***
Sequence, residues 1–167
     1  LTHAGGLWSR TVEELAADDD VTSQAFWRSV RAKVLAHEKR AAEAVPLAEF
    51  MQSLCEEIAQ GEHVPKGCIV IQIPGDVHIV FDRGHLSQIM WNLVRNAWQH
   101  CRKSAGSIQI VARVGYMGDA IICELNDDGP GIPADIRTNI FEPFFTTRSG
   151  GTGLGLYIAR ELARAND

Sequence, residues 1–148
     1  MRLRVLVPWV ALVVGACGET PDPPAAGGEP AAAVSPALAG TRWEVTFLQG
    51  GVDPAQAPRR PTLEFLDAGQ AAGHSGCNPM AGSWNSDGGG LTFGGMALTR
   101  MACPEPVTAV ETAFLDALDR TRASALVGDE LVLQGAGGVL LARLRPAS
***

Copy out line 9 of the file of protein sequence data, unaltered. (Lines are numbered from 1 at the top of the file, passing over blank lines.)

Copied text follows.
   101  MACPEPVTAV ETAFLDALDR TRASALVGDE LVLQGAGGVL LARLRPAS